This is a NO NUMBERS project, as in I didn't care if anything was the same size, and I certainly did not want to take the chance of doing any math!
Here's how I did it:

Rulers in this post are used only as straight edges...ignore those numbers!
1 )  After sewing some log cabin-ish blocks (with no regard to length, side, or direction of the "logs") I put each one on top of two layers of cotton batting and cut everything even all at once. In fact, you can just fold the batting (also scraps!). Measure by eye, not numbers!
 It does not have to be perfect or at right angles or anything at this point.

That's a fold along the bottom, another opportunity to just cut everything at on time.
2)  Batt not big enough? Just zig-zag some scraps together! Use a very wide stitch going off the batting layers, and lengthen the stitch. Or butt two pieces together and zigzag where the edges meet.
Two layers stacked

3)  These potholders are made to be used. And by "used," I mean "abused", as in grabbing them for any kitchen task. So I like terry cloth on the back! An old towel is terrific (also for inside instead of batting) but I didn't have one, so I had to visit The Big Box Store. But I had a 40% 0ff coupon, of course!
Lay the batted potholder on the terry cloth and just cut around it, free hand if you want!

Most of the potholders had more terry cloth around the edges at this stage.
4)  Time to quilt the layers together! If you care, match the bobbin to the backing. I had a nice blue King Tut thread for the top that looked OK with all the fabrics.
My favorite utility stitch: long wavy lines, with the machine set as you always do for regular stitching! You move the fabric back and forth for the wave.
You could do straight lines or anything your heart desires!
It doesn't need more than an X!
The extra backing means you don't have to worry about the layers matching!
5)   Trim from the front...no, I don't care what size it is, just make it look good. The binding will be easier with square corners (use bias binding if your potholder is round!).

6)  Here's an all-by-machine binding using straight grain strips cut 1 1/2". OK, so that's a number. I like to cut strips I can use for other things if there are any leftovers, but actually, in this case, the strips could be anything that looks like it's 1 1/2"!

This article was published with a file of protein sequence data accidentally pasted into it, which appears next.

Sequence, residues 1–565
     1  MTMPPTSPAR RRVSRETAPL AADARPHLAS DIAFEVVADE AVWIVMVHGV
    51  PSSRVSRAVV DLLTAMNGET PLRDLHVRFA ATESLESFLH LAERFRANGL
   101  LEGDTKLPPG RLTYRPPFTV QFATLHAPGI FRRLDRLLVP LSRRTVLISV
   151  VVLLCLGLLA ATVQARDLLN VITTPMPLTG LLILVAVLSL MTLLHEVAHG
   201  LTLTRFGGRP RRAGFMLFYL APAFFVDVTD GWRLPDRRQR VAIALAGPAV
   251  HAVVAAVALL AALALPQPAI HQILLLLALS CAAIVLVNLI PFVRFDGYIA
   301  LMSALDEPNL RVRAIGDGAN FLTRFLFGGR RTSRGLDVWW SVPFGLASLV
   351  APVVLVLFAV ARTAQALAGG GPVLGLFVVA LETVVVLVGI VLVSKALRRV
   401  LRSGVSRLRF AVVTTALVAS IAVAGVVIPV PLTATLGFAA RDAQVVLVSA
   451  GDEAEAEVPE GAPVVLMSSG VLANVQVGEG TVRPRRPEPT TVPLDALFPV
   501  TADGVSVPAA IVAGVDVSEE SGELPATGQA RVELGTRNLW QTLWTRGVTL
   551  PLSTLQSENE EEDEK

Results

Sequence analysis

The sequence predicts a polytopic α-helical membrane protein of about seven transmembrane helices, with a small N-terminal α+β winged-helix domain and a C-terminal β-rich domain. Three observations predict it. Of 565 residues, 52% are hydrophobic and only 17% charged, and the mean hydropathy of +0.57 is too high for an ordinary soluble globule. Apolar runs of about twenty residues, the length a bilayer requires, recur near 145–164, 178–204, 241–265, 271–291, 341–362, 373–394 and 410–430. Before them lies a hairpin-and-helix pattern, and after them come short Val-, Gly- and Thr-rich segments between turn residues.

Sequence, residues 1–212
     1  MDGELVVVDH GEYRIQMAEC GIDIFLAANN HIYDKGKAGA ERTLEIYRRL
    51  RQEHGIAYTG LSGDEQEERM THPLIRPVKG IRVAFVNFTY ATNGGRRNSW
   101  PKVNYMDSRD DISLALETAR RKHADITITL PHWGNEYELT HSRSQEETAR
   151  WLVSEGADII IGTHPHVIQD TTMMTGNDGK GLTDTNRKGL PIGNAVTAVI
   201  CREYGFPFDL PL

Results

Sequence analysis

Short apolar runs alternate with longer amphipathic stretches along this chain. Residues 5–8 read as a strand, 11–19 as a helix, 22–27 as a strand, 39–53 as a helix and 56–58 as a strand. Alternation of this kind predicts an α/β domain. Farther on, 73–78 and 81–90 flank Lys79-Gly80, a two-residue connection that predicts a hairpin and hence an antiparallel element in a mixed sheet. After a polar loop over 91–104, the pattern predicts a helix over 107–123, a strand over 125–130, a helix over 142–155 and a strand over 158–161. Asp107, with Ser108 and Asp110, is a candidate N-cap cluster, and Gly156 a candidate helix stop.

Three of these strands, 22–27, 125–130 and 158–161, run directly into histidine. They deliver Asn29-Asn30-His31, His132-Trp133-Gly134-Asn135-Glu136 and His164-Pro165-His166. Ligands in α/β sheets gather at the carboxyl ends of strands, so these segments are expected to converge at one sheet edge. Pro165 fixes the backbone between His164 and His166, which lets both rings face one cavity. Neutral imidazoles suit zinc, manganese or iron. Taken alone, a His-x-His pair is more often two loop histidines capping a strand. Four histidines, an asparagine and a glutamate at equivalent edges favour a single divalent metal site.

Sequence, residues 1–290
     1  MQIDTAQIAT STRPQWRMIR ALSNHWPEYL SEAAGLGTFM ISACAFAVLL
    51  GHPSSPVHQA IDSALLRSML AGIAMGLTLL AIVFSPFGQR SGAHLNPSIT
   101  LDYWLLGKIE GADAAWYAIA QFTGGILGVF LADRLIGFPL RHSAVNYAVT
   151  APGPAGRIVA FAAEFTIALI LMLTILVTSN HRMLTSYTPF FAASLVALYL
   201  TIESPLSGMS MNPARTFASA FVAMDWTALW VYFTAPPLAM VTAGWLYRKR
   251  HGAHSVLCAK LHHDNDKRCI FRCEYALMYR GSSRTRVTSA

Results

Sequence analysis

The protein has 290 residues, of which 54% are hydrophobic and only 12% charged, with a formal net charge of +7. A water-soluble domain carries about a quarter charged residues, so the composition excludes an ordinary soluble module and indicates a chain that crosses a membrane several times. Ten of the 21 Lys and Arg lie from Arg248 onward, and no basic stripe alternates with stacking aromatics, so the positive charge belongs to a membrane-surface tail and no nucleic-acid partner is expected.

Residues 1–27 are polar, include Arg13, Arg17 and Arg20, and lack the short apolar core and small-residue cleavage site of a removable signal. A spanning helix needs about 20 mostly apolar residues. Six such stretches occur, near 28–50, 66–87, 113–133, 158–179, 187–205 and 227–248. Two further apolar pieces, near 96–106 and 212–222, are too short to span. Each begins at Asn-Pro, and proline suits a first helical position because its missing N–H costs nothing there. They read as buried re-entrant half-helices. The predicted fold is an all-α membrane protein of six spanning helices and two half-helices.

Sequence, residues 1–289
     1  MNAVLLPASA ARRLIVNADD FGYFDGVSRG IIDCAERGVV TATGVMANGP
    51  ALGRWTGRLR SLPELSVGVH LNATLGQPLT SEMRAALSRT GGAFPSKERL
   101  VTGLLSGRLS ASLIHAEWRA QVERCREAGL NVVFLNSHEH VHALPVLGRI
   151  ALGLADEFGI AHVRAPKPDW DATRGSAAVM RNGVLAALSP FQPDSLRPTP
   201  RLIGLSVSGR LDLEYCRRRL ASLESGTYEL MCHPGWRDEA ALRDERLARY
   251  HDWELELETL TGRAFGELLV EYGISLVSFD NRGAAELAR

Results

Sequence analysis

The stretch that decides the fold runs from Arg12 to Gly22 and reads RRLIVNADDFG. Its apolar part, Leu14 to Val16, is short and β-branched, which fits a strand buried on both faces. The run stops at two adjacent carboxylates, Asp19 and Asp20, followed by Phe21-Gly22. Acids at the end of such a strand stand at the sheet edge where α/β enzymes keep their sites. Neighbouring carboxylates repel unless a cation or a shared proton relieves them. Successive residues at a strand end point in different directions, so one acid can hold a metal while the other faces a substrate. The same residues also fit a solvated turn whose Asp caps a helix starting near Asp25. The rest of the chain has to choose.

By eye, fold & press one long edge of each strip to the wrong side, about 1/4"-ish. No, I do not know how many strips, or how long or whatever...cut cut & press some. This will use up scraps and encourage experimenting with various colors as you run out of each one you thought was ideal!

7)  Lay the strip on the BACK, right sides together, with the folded edge up and raw edges matching.
Just sew the strip on, and cut it off at the end...or chain sew the next potholder on until you run out!
8)  Do two opposite sides. Then wrap the binding to the front and topstitch it down, very close to the fold. You need to finish two opposite sides before doing the other two sides.
Read the next step!
9)  When you bind the other two sides, start and stop each strip by wrapping the end around to the front. The stitching will catch that part as you sew along the edge. Stop before you get to the corner, trim about an inch more than needed, and wrap that extra to the front (see pic below!). Finish sewing the side. When you bring the binding around to the front, the wrapped ends will cover the corners.
Wrapped end is underneath
10)  Topstitch through all the layers to finish. It doesn't have to be perfect. It will still be pretty and fun in the kitchen...until it's used up and thrown away (but that's after it has been washed several times) (unless you get it too close to a burner and...well....).

11)  I ended up with 9 potholders!
And not one of them the same as another.
Won't this be a fun & useful gift?
Long-time readers of Patchwork Pie will see that my design wall is still covered with threads!
PS: Inquiring Minds will want to know: any side is about 6--8".
Yes, that would be "about potholder size"!